It is impossible to be certain which, if any, of the works in the Hippocratic corpus were written by Hippocrates himself (c.430 BC). His fame was such that many Greek medical writings became attributed to him. What they have in common is not dogma but, rather, constructive debate between one another. They also share a concern with meticulous observation and an insistence on physical, not supernatural, causation of illness. The writers were the pioneers of rational medicine; their ideas, dominant for centuries, still reveal to us the ideal of ethical practice, as well as the origins not just of Western medicine but of scientific method.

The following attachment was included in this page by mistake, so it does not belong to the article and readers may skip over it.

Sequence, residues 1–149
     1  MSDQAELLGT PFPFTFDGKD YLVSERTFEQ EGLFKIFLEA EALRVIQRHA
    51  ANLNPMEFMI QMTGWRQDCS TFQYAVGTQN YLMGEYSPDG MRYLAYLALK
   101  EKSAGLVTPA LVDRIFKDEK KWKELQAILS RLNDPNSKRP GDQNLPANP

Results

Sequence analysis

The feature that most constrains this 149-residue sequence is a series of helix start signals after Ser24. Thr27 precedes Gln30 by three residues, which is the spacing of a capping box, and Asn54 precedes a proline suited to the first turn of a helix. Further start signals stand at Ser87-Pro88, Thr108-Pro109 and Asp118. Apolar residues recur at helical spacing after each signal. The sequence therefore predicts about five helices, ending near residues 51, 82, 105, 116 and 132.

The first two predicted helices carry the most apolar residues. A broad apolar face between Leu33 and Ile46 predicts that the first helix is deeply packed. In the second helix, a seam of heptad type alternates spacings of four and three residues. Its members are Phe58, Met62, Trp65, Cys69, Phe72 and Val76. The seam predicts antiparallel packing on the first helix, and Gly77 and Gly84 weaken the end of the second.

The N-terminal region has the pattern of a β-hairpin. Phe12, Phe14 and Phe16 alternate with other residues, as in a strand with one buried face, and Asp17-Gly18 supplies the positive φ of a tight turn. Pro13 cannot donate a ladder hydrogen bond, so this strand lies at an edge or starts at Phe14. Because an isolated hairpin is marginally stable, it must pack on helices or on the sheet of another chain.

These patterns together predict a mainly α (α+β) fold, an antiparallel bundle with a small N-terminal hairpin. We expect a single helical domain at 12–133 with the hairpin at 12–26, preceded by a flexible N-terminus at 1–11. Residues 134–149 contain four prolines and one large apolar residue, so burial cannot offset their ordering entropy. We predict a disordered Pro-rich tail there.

This excellent selection of Hippocratic treatises shows the range of writing and thought. Some are technical works on embryology, surgery or anatomy; others are addressed to a lay audience; all are informed with the spirit of inquiry. G.E.R. Lloyd's authoritative introduction puts them into their contemporary context and assesses their later influence.